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Fugitive Kind

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Product Description

Val Xavier, a drifter of obscure origins arrives at a small town and gets a job in a store run by Lady Torrence, a sex-starved woman whose husband Jabe M. Torrance is dying of cancer upstairs. Val is pursued by Carol Cutere, the enigmatic local tramp-of-good-family, who covets his snakeskin jacket as much as his body and tries to seduce him in the cemetery. Val is more attracted to the mature Lady and gets her pregnant.

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Most Helpful Customer Reviews on (beta) 8 reviews
8 of 9 people found the following review helpful
Brando & Tennessee April 12 2010
By Michael B. Druxman - Published on
THE FUGITIVE KIND is classic early Marlon Brando, who received a million dollar paycheck for his participation in this picture. The problem is that, watching this renowned actor at the height of his popularity, one can't help but feel that he is "doing a Marlon Brando cliché," rather than making the character of Valentine Xavier live and breathe.

Part of the trouble is the script, which was freely adapted by Tennessee Williams and Meade Roberts from Williams' BATTLE OF ANGELS and its rewrite, ORPHEUS DESCENDING. Both versions of the play were unsuccessful during their New York engagements.

This is not one of Williams' better plays. It contains no unforgettable characters like Blanche DuBois, Stanley Kowalski or "Big Daddy," and its ending is a downer. Actually. most of Williams' plays have unhappy conclusions, but in most cases, when Hollywood brought them to the big screen, the endings were, arguably, more upbeat. That is not the case with this independent 1960 production.

On the other hand, even a less than superb Tennessee Williams play has it's poetic moments that mesmerize, such as Brando's scene in which he tells about the little bird that flies on the wind and only touches earth when it dies.

Masterfully directed (within the confines of the script) by Sidney Lumet, THE FUGITIVE KIND is a morose drama that crackles with several fine performances, in particular those of Woodward as a lost soul crying for help and Magnani as a woman who has been forced to keep her strong emotions pent up inside for all of her life.

© Michael B. Druxman
3 of 3 people found the following review helpful
Wild Things Aug. 4 2010
By Stefania Casi (The Cultural Sojourner) - Published on
"Wild things leave their skin the fugitive kind can follow their kind." This film seethes with a dark, sultry, gothic atmosphere: Tennessee Williams brand of Southern discomfort. Life in this small town is painfully slow, quietly desperate and overwhelmingly restrictive, barely masking its inherent corruptness and grotesque stagnation. Marlon Brando oozes sexuality and sensitivity, playing the outsider ~ the bad boy with the good heart. He is an absolute and primal magnetic force; you just can't take your eyes off of him! Pleasantly surprising, his co-stars, Woodward and Magnani, offer unforgettably powerful, dramatic interpretations, uncompromised by Brando's charisma. The love story is never believable, but the shared camera time creates the illusion of intimacy, compensating for the lack of chemistry. Williams' microcosm is all too familiar, the direction is theatrical, but the performances are mesmerizing and the social indictment remains damning.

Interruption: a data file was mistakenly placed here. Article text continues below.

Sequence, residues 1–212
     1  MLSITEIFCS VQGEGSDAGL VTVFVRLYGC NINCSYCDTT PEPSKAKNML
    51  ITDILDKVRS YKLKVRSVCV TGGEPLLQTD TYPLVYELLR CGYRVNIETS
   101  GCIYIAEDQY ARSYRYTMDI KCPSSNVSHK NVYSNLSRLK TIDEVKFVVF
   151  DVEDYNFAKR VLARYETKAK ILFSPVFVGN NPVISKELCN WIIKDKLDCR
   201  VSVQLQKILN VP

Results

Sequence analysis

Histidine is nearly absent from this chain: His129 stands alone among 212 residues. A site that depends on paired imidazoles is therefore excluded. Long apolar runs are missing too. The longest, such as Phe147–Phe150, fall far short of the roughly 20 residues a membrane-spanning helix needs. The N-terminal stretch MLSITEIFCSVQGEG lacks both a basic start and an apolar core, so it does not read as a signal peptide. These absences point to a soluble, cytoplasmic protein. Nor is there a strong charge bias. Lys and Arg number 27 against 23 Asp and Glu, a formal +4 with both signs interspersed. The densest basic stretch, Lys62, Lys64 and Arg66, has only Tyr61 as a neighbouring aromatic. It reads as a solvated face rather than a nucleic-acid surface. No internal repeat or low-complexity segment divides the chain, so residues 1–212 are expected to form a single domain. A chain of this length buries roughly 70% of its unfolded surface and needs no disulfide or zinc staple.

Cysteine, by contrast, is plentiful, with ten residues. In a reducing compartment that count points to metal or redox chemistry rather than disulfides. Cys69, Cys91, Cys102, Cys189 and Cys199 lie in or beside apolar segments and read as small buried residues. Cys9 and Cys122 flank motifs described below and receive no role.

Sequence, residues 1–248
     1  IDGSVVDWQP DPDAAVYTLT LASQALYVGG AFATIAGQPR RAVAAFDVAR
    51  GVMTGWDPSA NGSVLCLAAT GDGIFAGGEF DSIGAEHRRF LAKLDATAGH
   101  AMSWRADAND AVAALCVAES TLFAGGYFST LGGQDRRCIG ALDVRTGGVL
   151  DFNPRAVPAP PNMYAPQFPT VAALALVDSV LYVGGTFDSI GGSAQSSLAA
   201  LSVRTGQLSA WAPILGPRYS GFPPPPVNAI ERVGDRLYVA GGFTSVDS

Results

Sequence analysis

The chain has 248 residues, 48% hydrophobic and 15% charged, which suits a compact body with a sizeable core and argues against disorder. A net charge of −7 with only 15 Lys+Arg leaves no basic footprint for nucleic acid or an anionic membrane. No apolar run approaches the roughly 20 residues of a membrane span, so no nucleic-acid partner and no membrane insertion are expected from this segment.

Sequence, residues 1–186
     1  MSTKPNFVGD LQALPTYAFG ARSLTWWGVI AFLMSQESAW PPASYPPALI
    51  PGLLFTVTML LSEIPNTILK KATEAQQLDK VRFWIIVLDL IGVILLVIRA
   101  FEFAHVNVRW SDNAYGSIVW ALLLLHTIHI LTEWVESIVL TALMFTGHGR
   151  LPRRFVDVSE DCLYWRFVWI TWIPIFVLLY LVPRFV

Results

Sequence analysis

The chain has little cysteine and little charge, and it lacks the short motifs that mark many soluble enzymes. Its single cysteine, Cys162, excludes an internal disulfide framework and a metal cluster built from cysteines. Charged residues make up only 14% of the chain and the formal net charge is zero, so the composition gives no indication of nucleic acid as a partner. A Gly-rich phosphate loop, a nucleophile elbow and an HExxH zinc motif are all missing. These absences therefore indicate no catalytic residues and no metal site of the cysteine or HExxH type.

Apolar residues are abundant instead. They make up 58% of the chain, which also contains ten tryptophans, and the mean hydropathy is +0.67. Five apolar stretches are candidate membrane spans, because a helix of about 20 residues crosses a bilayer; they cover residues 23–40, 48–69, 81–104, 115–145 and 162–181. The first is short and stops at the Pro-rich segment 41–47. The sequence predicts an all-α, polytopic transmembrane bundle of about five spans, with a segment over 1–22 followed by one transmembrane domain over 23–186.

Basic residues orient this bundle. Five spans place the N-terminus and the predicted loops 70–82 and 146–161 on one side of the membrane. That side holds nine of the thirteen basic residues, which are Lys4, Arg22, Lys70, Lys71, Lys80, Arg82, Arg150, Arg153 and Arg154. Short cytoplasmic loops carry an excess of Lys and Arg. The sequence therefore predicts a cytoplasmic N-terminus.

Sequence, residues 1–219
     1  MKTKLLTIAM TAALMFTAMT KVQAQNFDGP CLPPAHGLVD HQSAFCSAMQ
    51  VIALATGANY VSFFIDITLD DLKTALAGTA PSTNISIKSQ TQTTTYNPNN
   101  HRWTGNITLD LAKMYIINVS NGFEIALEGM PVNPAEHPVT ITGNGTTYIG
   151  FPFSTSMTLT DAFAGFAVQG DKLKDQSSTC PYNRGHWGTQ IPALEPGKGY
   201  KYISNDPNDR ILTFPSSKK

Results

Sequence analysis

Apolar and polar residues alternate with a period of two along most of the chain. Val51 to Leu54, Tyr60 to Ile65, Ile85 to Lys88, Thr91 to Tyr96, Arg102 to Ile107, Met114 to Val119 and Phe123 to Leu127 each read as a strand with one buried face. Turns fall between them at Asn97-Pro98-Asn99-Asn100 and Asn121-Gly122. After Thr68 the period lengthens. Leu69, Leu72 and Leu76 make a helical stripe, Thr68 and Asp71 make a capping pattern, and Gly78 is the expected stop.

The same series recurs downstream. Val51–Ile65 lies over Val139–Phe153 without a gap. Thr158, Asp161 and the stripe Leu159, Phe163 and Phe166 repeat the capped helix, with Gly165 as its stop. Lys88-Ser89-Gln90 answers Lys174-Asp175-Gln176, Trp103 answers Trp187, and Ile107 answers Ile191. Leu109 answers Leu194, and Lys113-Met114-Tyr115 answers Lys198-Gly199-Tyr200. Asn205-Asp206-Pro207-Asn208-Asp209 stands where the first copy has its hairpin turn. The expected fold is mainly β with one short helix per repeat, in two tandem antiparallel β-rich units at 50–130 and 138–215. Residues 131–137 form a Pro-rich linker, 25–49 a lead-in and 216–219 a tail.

4 of 5 people found the following review helpful
Often Forgotten Brando in Tennessee Williams' Masterpiece--The Fugitive Kind May 19 2014
By Paul Culloton - Published on
Verified Purchase
When Marlon Brando passed away, I rifled through the local and national newspapers wondering if I would find "The Fugitive Kind" in his filmography. Of course, I wasn't entirely surprised when over 3/4 of the newspapers that I had did not list this great film; it is an equally remarkable and unusual film and I would bet that it was probably panned by the critics of its time just as it was, sadly, overlooked in Brando's week of obituary and tributes.

In the early 1990s,"The Fugitive Kind" was broadcast at least twice per week on a nearby secondary public television station and, for a while, I was only able to pick it up in the middle. When, finally, I knew the title I phoned my favorite video store and ordered a copy on VHS. The film easily places in the top of my collection for all the right variety of reasons: outstanding writing, casting, acting, lighting, filming, subject, setting, redeeming social value, etc. I am delighted to have, at last, a widescreen copy on DVD. "The Fugitive Kind" --truly a must see film. Enjoy!
1 of 1 people found the following review helpful
Excellent. Marlon Brando at one of his best Jan. 27 2015
By Alan Rosenfeld - Published on
Verified Purchase
Excellent. Marlon Brando at one of his best performances
How could it miss...Anna Magnani and Marlon Brando...Joanne Woodward and Victor Jory Sept. 23 2015
By M. Beck - Published on
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A Classic not to be missed!

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